Credit hire is a world wide phenomenon.
This month the High Court of Australia handed down judgment in the first credit hire case to reach the High Court: which is the highest court in Australia and the equivalent of the United Kingdom Supreme Court.
Decisions in the High Court should be of interest to United Kingdom lawyers because decisions in the common law jurisdictions permeate through to each other and can be useful persuasive authorities to argue for a particular result in this jurisdiction. One has only to think of the landmark case of Sutherland Shire Council v Heyman  HCA 41 which 5 years later prompted the House of Lords to recast the tort of negligence in England and Wales.
In the case of Arsalan v Rixon and Nguyen v Cassim  HCA 40 the question of “need” arose as the principal issue, and the High Court, has not adopted the approach of Lord Mustill in the House of Lords decision in Giles v Thompson  1 AC 142 but has instead adopted the approach to loss of use and need in the landmark decision of The Mediana  1 AC 113. The High Court has further emphasised, that the head of loss of use, is perhaps more aptly to be called inconvenience. Thus the decision states:
34. Although a plaintiff must prove their loss, it will not usually be difficult for a plaintiff to establish heads of damage of physical inconvenience and loss of amenity of use consequential upon their lost ability to use their vehicle. There will, however, be exceptional cases where such loss to the plaintiff will be non-existent or so slight that the hire of a replacement vehicle will not be accepted to be a step in mitigation. Such exceptional cases might include where the plaintiff was hospitalised or abroad during the relevant period of repair, or where the damaged vehicle could have been replaced from idle stock within the plaintiff’s fleet of vehicles.
35 Apart from such cases, it will usually be sufficient for a plaintiff to identify a past suite of purposes for which the damaged vehicle was used in order to justify an inference that the plaintiff would have put the vehicle to the same uses during the period of repair and would be otherwise inconvenienced. As Lord Mustill recognised in Giles v Thompson, it will not be hard to infer that a plaintiff who incurs the considerable expense of running a private vehicle does so for reasons of convenience. Similarly, it will usually be sufficient to infer that a plaintiff derives amenity from the various functions used in their vehicle, particularly an expensive, prestige vehicle in circumstances in which the plaintiff incurred significant capital or ongoing expenditure on that prestige vehicle.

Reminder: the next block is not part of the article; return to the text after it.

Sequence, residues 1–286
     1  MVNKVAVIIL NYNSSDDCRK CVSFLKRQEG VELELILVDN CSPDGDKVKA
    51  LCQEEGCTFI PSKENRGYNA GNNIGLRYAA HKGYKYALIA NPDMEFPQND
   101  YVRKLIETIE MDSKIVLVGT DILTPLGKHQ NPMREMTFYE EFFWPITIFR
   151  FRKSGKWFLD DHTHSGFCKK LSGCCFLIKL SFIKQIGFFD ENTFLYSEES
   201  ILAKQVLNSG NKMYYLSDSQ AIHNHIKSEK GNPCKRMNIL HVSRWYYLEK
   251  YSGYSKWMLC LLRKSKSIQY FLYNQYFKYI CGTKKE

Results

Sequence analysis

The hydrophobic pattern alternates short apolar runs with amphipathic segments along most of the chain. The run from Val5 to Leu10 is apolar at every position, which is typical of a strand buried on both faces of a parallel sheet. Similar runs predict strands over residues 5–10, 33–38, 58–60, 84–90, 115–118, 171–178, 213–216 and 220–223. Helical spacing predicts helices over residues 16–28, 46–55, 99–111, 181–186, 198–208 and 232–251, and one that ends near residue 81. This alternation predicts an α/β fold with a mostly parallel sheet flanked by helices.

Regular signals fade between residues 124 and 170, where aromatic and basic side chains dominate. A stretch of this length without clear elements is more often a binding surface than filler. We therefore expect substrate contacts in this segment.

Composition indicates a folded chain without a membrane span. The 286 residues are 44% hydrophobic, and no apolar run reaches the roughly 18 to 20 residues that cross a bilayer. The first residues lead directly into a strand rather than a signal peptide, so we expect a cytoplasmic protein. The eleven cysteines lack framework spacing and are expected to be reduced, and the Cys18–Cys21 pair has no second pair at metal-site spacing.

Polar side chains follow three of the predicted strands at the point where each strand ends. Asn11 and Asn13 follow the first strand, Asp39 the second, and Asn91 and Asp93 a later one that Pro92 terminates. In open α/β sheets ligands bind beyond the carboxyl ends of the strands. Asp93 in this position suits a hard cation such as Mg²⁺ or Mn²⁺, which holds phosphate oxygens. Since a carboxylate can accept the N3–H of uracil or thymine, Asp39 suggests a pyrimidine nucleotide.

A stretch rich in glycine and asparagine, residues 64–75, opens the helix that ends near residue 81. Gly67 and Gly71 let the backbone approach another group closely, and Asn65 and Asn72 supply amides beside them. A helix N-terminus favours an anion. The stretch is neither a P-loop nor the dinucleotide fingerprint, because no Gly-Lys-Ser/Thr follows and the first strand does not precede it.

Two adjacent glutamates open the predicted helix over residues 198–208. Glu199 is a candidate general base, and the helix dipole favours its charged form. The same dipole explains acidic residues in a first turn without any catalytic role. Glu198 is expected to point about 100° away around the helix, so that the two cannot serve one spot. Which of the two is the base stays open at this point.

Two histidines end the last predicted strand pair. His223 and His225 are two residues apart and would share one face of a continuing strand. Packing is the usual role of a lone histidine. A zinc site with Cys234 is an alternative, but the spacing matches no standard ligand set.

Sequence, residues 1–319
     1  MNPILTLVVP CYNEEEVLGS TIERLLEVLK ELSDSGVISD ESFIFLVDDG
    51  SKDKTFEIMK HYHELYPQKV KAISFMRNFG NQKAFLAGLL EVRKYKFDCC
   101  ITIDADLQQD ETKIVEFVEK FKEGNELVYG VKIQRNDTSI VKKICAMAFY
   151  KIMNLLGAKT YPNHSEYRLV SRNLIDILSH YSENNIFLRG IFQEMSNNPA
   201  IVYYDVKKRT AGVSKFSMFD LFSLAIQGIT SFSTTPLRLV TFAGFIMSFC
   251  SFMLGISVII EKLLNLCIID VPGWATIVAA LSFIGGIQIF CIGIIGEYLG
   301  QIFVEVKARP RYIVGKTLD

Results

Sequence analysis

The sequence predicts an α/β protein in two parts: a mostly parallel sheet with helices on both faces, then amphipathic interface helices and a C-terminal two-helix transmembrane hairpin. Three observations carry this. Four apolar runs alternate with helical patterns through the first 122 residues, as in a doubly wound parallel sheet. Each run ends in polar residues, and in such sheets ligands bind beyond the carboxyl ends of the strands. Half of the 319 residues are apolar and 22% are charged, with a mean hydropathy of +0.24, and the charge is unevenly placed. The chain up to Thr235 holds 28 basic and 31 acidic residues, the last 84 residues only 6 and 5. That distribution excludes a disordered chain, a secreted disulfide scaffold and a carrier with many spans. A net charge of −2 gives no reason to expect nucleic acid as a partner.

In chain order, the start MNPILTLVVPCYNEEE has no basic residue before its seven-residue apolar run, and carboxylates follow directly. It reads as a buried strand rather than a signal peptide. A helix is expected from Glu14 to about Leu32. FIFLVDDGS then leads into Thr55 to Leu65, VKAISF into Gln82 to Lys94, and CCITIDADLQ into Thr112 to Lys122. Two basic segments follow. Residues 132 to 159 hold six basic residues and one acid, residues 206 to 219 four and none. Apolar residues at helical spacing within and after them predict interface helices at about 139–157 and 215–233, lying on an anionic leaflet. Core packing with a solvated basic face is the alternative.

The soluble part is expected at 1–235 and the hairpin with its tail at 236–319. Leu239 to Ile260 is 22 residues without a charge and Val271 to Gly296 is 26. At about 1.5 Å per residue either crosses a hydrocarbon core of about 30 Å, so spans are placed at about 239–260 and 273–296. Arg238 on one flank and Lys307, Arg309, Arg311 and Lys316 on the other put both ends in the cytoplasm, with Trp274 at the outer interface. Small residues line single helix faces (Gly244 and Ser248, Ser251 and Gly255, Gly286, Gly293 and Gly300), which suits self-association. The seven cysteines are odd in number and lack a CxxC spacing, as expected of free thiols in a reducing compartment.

36 Once a plaintiff has proved heads of damage of physical inconvenience and loss of amenity of use, it will usually be difficult for a defendant to prove that the plaintiff acted unreasonably by seeking to hire a replacement vehicle. In some cases, a defendant might instead seek to establish that the amount of the hire costs incurred was unreasonable for various reasons: the replacement vehicle hired, in light of the range of vehicles that might fairly be regarded as equivalent to the damaged vehicle; the period of hire, having regard to the reasonable period of time for repairs; or the extent of the costs included in the hire charge. But none of those matters of quantum arises on these appeals
37. The usual ease with which a plaintiff may establish heads of damage of physical inconvenience and loss of amenity of use explains why in Dimond v Lovell and in Lagden v O’Connor their Lordships assumed that it would generally be reasonable for a plaintiff to hire an equivalent vehicle, subject to any dispute about the unreasonableness of the quantum of the hire costs. For instance, in Lagden v O’Connor, Lord Hope assumed that a plaintiff would generally be able to recover as damages the costs of hire of an equivalent vehicle, but if “a larger or more powerful car was hired although vehicles equivalent to the damaged car were reasonably available at less cost – the amount expended on the hire must be reduced to the amount that would have been needed to hire the equivalent.
I suspect reliance upon this case in the County Court before a sceptical Deputy District Judge will not get you very far: but if, or when, the issue of need reaches the Court of Appeal again, then it may be part of the argument that Lord Mustill’s speech needs to be revisited, so that there is no real scope in a credit hire claim to argue that a claimant does not “need” a replacement vehicle, once more than de minimis inconvenience is shown.
I am grateful to William Richey and Shaun Ryan of the Australian Bar, who each kindly sent me a copy of the judgment.